Parkland Sorrow

Parkland Sorrow

My heart grieves for the lives recently taken in the Parkland, Florida school shooting. Arguments are being waged on surface issues. But I want to share that such an incident is merely symptomatic of what’s going on in our culture to create the dynamics of such a tragedy. What I list here is not comprehensive, certainly not exhaustive, but are those we need to consider. I humbly and respectfully submit:

First, it begins with our humanity. We have a bent toward sin. “Sin” is not just an act, it is our condition.  We all have turned away from God, which results in experiencing brokenness and alienation from Him. This is the root of the tree that bears ill fruit. Without an understanding of objective Truth, there are no standards, simply a slippery slope leaving us all to whims and winds of personal experiences and impulses. Without shared beliefs and values and purpose, real community is impossible. Jesus, whom we believe and trust is the revelation of God, gives us two great commandments (values): “Love the Lord your God with all your heart, soul, mind and strength.”, and “Love your neighbor as yourself.” Out of this belief and these values is born the Great Commission He has given us: “Go and make disciples, teaching them to obey everything I have commanded…”

Second, our “smart phone” culture has exacerbated our growing isolation from one another. Studies have revealed that our communication by device has reduced our sense of what it means to persist through difficulty and disagreement, and lowered the impact of horror. I invite you to get a copy of Neil Postman’s “Amusing Ourselves to Death”. (I have two copies, though the 20th Anniversary Edition is available.) It was written in the mid-80’s and addresses how television has reduced our capacity to think, remember, and connect ideas. The effects are aggravated by the screen now being portable.

Third, yes, the breakdown of the family unit plays a significant role. I have a 5-year old grandson whom I spend Friday afternoons with to love and mentor as a positive male model. Mr. Cruz’s (the shooter) relationship with his father is unknown to me. But that relationship, or the lack of it, has certainly played a role in other shootings.  Unfortunately, this is especially prevalent in the African-American population, where knowing one’s father is now in the super-minority. I do not write that statement with any racial bias, only with the observation that that demographic knows a dearth of  the male leadership that serves to hold families together in a healthy way.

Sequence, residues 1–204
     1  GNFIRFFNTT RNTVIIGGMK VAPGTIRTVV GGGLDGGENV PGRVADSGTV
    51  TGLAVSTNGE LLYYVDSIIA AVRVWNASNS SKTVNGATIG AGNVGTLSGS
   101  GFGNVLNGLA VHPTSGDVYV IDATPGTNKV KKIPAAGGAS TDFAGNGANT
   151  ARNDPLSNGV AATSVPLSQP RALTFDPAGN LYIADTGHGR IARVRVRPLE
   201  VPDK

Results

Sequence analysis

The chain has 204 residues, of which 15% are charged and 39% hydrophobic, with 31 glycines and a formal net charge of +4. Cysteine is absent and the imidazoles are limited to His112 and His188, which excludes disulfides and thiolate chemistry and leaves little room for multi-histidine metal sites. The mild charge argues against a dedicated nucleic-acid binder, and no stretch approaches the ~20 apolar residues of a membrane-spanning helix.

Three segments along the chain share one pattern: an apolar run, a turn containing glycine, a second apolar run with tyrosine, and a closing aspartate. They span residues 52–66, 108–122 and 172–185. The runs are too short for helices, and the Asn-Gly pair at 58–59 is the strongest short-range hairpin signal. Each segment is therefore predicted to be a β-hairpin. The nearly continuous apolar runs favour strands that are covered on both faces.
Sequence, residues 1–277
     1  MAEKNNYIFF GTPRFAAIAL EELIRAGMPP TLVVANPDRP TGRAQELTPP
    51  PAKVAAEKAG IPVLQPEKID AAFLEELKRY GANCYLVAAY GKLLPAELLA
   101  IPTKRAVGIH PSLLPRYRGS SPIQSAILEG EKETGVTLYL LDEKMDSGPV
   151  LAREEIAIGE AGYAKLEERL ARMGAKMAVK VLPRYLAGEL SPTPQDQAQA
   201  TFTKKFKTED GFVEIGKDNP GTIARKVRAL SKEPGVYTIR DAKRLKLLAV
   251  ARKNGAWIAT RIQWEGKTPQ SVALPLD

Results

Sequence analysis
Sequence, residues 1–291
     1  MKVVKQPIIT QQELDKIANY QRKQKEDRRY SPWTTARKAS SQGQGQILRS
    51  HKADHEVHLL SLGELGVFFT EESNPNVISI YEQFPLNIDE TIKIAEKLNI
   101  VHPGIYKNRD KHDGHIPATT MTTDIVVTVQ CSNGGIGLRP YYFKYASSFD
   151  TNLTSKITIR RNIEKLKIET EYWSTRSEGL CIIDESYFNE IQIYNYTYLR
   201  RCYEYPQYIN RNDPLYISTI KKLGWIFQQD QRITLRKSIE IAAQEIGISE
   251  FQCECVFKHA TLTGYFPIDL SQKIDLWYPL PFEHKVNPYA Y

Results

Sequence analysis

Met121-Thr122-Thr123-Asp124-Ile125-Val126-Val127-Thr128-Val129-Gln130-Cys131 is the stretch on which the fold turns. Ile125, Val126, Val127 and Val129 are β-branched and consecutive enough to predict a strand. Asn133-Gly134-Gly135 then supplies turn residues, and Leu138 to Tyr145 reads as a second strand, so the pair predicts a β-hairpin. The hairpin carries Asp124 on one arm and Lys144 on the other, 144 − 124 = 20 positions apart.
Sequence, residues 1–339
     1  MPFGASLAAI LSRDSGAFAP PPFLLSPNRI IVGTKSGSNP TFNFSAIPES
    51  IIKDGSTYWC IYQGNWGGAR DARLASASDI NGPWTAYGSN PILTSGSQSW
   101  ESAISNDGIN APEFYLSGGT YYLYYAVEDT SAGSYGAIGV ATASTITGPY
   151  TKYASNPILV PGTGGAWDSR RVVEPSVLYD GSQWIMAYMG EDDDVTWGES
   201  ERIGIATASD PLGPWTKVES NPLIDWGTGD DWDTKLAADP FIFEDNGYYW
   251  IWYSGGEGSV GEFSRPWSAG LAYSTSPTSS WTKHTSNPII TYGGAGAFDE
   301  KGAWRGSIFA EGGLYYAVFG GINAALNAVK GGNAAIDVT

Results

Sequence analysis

Fourth, I share out of a pastor’s sorrow-filled heart of love. As Christians, we have allowed our self-imposed isolation to lead us to believe someone else ought to do something or some law ought to be enacted. But one of the chief factors in creating an environment that results in incidences such as Parkland, is the limpid witness of Christians, who go by the Name but have failed to be Christ followers. Christ followers dare to go into their community to love those they don’t know. The real change in our culture will take place one person at a time by the transformation and healing of each human soul. It will be facilitated by courageous and compassionate Christ followers. Sadly, until that happens, more shootings and other tragedies, will occur.

What could happen if we each were to engage one person?

Brian Adams

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